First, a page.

7. Put the lid on a cook for 4 minutes.

8. When you have finished ladling the stock into the risotto bianco take the pan of the heat, stir in the butter and Parmesan, then season to taste.

9. Stir in the herby peas, put the lid back on the pan for 2 minutes.

10. Divide between the plates and put a slice or small scoop of goats cheese on the top. Sprinkle with grated Parmesan and drizzle with extra virgin olive oil.

20 January 2012

Mortadella Pasta Salad

The last of the salads for my studio picnic with my sister and the last from Nigella Express. I love this - I thought it was going to be a bit bland and dry (and lacking in mayo) but it was delicious and, even though I hate lemon, the lemon juice here is absolutely necessary and not at all too lemony. Although it used Mortadella it would work well with any kind of ham you can get hold of or even bacon... but then pretty much everything works with bacon. In fact, this pasta salad is a great basis for everything as you can have most of it in the fridge. I've taken to buying the pre-grated Parmesan because it's so useful for things like this and soups so in fact I only need to get the ham - I think I'll make this next time I have ham leftovers. Delicious!

Mortadella Pasta Salad

Serves 4 as a packed lunch

250g fusilli
2 tbsp extra virgin olive oil
2 tbsp lemon juice
1 tsp Maldon salt or 1/2 tsp table salt
1/2 tsp mild German mustard, or similar
1 thick slice (approx 150g) mortadella, diced into 5mm squares
20g curly parsley, finely chopped
25g Parmesan flakes
salt and pepper to taste

I didn't have German mustard so I used good old grainy and it worked just fine. I also hate curly parsley and never see the need for it so I used flat leaf.

1. Put the pan of water on to boil, add the salt to taste, and then cook the pasta following the packet instructions.

2. Meanwhile whisk together the oil, lemon juice, salt and mustard to make the dressing.

3. Drain the cooked pasta and tip it into a large bowl, pour over the dressing and toss well to coat.

4. When cool, stir in the mortadella pieces, chopped parsley and Parmesan flakes. Check the seasoning, adding salt and pepper as required.

19 January 2012

Procrastination Plum Sauce

While trying to avoid work the other day I realised I really must do something with the plums wrongly delivered by Salisbury's and while I don't actually love plums I really like plum sauce and it would be a useful addition to my fridge so I turned to Sarah Raven's Garden Cookbook which never seems to let me down in fruit or veg crises.

Very quick and easy to make and I rather pleasingly found that the recipe needed exactly the amount of plums in my punnet which was nice. This can be brushed on lamb, beef, pork or fish before barbecuing or grilling, or can enrich the juices from your pork, goose or duck and can even be thinned a little with a light oil and used as a dipping sauce. I will probably eat most of it in the middle of the night with a spoon... or maybe with a pickled onion dunked in it... I'm not pregnant I swear.

Plum Sauce

For 500ml

450g ripe plums
2-3 garlic cloves
2 dried chillies or 1 fresh red chilli
3 heaped tbsp soft brown sugar
1 tbsp grated fresh ginger
4 tbsp soy sauce
salt


You need a heavy based saucepan but not a very big one. I used a fresh red chilli because I had one in the fridge and 3 cloves of garlic because I love garlic. I used a big jar as I only wanted one of these... I'm not sure it's going to last very long once Joe gets back from being away for work.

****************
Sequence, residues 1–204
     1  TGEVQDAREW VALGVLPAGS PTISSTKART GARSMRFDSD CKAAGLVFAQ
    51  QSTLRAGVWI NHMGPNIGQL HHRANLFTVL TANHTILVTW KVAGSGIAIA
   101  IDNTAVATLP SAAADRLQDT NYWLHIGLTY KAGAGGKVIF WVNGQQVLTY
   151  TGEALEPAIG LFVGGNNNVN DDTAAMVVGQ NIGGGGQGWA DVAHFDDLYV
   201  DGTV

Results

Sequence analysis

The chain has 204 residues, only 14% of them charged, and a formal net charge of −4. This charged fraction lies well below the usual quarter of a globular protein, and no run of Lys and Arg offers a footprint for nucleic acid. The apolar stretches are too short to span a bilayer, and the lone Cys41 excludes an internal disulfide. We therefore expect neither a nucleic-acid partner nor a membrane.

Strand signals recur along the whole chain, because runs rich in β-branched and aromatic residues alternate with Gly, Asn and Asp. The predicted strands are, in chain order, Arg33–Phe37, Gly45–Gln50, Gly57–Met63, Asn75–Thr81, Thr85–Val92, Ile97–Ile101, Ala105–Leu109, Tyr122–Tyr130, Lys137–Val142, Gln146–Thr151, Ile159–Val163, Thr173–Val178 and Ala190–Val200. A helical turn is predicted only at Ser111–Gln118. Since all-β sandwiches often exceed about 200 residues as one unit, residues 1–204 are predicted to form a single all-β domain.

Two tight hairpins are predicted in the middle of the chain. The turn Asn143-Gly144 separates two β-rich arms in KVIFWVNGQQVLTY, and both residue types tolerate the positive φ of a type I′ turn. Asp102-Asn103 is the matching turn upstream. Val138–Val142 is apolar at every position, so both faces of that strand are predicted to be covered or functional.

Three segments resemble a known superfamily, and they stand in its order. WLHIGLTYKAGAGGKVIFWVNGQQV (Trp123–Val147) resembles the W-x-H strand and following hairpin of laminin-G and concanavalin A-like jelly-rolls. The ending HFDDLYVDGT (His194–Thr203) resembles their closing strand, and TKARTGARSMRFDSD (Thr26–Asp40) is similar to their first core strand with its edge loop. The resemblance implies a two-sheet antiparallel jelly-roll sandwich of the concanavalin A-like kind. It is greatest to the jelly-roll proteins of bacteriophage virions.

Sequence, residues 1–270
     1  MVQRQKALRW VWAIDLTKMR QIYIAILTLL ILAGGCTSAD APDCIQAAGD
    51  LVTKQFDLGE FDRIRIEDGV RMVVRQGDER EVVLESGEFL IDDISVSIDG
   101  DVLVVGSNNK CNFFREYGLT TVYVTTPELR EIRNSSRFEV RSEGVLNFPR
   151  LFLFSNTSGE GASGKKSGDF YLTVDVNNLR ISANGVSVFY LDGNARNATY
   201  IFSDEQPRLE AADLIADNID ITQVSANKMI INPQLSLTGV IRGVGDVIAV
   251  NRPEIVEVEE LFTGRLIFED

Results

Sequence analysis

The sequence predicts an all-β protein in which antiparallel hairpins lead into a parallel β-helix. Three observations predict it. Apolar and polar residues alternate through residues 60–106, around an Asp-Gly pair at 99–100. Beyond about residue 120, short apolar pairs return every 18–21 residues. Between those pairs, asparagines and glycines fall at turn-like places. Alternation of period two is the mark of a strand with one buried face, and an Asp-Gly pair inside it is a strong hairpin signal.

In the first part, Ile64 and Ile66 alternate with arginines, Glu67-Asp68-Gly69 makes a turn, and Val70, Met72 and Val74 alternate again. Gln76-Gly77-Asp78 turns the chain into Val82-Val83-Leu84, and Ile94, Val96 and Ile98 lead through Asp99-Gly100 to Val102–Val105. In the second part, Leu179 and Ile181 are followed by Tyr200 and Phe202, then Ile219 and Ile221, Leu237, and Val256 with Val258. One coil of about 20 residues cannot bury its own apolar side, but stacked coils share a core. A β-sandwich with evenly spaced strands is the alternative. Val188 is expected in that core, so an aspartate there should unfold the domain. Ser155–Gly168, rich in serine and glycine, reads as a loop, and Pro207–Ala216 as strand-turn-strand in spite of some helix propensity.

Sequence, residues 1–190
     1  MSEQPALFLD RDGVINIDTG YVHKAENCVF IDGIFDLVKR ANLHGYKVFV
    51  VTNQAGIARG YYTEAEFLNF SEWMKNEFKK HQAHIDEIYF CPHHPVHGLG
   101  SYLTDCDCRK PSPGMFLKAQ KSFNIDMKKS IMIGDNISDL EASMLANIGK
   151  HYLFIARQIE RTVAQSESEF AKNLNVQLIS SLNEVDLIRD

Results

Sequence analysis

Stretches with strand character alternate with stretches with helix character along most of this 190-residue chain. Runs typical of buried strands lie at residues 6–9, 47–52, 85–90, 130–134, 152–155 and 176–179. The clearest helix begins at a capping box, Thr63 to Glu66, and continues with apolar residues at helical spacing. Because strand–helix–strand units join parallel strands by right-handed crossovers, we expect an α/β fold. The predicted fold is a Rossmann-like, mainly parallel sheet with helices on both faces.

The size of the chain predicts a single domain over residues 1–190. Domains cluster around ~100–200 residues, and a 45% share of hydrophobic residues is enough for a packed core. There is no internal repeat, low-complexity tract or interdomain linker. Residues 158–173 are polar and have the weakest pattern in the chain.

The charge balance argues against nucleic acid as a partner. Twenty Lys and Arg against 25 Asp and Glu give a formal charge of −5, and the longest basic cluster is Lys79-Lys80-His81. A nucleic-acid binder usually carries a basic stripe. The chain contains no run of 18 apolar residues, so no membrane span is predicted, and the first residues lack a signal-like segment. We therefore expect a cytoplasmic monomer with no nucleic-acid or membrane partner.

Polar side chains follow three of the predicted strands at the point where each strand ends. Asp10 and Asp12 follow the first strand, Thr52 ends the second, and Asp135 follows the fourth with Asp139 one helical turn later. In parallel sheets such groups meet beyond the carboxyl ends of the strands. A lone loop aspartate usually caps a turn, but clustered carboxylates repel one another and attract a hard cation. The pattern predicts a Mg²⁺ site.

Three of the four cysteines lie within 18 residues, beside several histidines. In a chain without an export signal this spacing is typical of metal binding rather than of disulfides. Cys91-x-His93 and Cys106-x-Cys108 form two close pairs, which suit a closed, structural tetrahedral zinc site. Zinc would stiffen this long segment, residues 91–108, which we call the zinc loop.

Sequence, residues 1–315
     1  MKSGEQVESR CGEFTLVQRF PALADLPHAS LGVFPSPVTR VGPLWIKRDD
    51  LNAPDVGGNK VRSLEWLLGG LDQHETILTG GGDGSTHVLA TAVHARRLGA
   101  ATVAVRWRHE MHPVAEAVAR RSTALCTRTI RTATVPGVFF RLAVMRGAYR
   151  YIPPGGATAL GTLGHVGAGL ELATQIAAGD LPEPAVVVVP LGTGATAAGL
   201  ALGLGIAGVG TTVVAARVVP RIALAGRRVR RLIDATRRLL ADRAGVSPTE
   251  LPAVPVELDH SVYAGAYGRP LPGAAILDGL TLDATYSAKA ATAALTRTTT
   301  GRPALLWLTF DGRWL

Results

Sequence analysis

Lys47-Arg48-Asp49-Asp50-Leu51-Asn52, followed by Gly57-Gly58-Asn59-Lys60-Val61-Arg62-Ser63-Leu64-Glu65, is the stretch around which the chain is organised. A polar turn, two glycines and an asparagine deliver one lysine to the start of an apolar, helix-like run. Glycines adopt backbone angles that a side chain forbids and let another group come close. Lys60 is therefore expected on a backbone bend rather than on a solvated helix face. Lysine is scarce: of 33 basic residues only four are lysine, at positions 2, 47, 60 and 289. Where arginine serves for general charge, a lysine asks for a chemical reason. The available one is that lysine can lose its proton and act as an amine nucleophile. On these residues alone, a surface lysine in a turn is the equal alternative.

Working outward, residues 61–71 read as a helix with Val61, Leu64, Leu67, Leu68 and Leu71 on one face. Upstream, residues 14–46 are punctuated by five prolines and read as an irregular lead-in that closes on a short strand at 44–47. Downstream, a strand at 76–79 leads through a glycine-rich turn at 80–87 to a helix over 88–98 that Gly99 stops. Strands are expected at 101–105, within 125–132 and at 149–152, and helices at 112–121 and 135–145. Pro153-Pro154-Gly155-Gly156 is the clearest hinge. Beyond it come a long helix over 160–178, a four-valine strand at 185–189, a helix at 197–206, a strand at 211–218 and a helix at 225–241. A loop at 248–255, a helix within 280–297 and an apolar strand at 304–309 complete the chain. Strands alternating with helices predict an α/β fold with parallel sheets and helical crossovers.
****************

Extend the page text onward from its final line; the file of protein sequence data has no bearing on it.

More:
1. Halve the plums and remove their stones - I found it easiest to cut them in half and then remove the stones over the pan so you don't lose any juices. I kept the skins on but I'm sure you can dig the flesh out of them if you prefer. 

2. Chop the garlic and the chilli, or, if you are using dried chillies, crush using a pestle and mortar.

3. Put all the ingredients into a heavy-based saucepan and simmer for at least half an hour until rich and thick and most of the liquid has evaporated.

All the ingredients in the pan

4. Pour into warm sterilized jars, seal and cover. this keeps very well in the fridge for 3-4 weeks and freezes for up to a year.

18 January 2012

Sesame Peanut Noodles

Another of the choices for my studio picnic with my sister and also another from Nigella Express. Next time I make it (and there will be a next time) I think I'd scatter over some crushed salted peanuts. This would be great to make at the beginning of the week as a yummy, easy lunch.

Sesame Peanut Noodles

Serves 8

For the dressing:
1 tbsp sesame oil
1 tbsp garlic oil
1 tbsp soy sauce
2 tbsp sweet chili sauce
100g smooth peanut butter
2 tbsp lime juice

For the salad
125g mangetout
150g beansprouts, rinsed
1 red pepper, deseeded and cut into small strips
2 spring onions finely sliced
2 x 275g packets or 550g ready prepared egg noodles
20g sesame seeds
4 tbsp chopped fresh coriander

1. Whisk together all the dressing ingredients in a bowl or jug.

2. Put the mangetout, beansprouts, red pepper strips, sliced spring onions and the noodles into a bowl.

3. Pour the dressing over them and mix thoroughly to coat everything well.

4. Sprinkle with the sesame seeds, chopped coriander and salted peanuts if you want to try them out!

17 January 2012

Couscous and Feta Salad

I'm always a bit meh about couscous... it either tastes of nothing, or of stock, or of pesto but I've finally found a way to not only make it taste nice but I actually find this salad incredibly moreish and pretty hard to stop eating but lovely to have in the fridge as a yummy lunch. This does have pesto in it but not too much and if you cube the feta quite small and add it when the couscous is warm then it becomes all soft and yummy.